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Croatia

Now is an exciting time for the archaeology of southeast Europe, as the region opens up after the Cold War decades to reveal its wealth of historic and prehistoric treasures and their significance to the development of European civilisation.

Prehistory: Some of the oldest archaeological sites in Europe are to be found here, dating back to the first arrival of human groups from Anatolia and the Near East. Palaeolithic cave sites in Istria and northern Croatia provide internationally important evidence on human evolution, while the fertile river valleys of eastern and northern Croatia witnessed some of the earliest Neolithic farming settlements in Europe.

The Vucedol Dove. 2800-2500 BC. One of the most famous ceramic pieces from prehistoric Croatia.

Old Europe: From about 4500 BC the copper and gold resources of the Balkan Mountains allowed these early societies to flourish into some of the most sophisticated and creative of the Copper Age world. Sometimes called ‘Old Europe’, these cultures paved the way for the transmission into Europe from the Near East of major changes in human society, heralding the emergence of Bronze Age civilisations. Discoveries at Vucedol, near Vukovar on the Danube River, illustrate the significance of the region in this respect.

Classical Civilisation: From about 1000 BC Illyrian and Celtic tribes mingled here and entered recorded history through their contact with Greek and Roman civilisation. Greek trade throughout the Adriatic led to colonisation along the Croatian coast at sites such as Hvar, Vis, Trogir and Solin. Greek works of art can be seen in the museums of Zadar and Split, but a richer legacy was left by the Romans, who by the 30’s BC had made the region their province of Illyricum.

Diocletian's Palace, Split, was a large complex of streets and buildings which still throng with life today.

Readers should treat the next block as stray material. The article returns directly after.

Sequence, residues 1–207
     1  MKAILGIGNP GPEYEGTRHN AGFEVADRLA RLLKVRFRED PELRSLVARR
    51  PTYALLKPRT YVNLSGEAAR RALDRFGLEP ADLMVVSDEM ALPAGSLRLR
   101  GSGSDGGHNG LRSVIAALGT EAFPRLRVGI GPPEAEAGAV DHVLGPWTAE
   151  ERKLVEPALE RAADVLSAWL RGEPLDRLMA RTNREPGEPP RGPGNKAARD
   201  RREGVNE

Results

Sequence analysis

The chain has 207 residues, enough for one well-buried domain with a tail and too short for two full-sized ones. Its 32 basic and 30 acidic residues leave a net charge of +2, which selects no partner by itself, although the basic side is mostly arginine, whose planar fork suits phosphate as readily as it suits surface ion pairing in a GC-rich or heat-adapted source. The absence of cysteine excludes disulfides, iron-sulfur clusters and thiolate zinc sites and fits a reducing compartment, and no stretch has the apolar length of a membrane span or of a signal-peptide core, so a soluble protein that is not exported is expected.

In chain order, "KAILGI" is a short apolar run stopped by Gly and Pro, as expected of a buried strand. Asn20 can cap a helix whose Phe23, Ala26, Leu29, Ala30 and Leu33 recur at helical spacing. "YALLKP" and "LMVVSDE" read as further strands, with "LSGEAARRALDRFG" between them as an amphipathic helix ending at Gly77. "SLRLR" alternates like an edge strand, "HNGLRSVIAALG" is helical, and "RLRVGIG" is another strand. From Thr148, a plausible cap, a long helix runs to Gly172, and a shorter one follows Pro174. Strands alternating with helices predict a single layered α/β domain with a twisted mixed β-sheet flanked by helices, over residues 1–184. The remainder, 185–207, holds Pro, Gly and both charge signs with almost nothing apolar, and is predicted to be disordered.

The artistic and architectural heritage of the Roman towns of the Adriatic coast are now justifiably world famous, and can be appreciated at Pula, Solin, Split, Zadar and Narona. The most famous site is Diocletian’s Palace at Split, which the Emperor had built for his retirement in 305 AD. It is the most complete Roman palace in the world, and has evolved over the centuries since into a vibrant, living monument of architectural history, with wonderful examples of Late Roman, Romanesque, Gothic and Renaissance designs.

The Croats: The Museum of Croatian Archaeological Monuments in Split displays finds related to the arrival of the Croats after the break-up of the Roman Empire, and the formation of the Croatian state during the following centuries. Castles, such as that of Klis near Solin, are impressive reminders of life in Medieval Croatia, but the greatest legacies are in the beautiful Medieval towns.

Dubrovnik. One of a string of beautiful historic towns along the Adriatic coast.

Three Worlds: The towns along the Adriatic coast benefited from Venetian influence and reached their zenith in the Renaissance, whilst those inland and in Istria had Central European influences and display a strong Baroque legacy. A third cultural influence came from the Ottomans, who occupied Eastern Croatia in the 15th century, thereby confirming Croatia’s position at the intersection of three worlds; Europe, the Mediterranean, and the East. This is nowhere better illustrated than in Dubrovnik, ‘Pearl of the Adriatic’, whose golden age in the 15th and 16th centuries was based on its diplomatic balancing act as a thriving independent republic poised between Catholic West and Muslim East.

More about Croatia: ResearchToursLectures…

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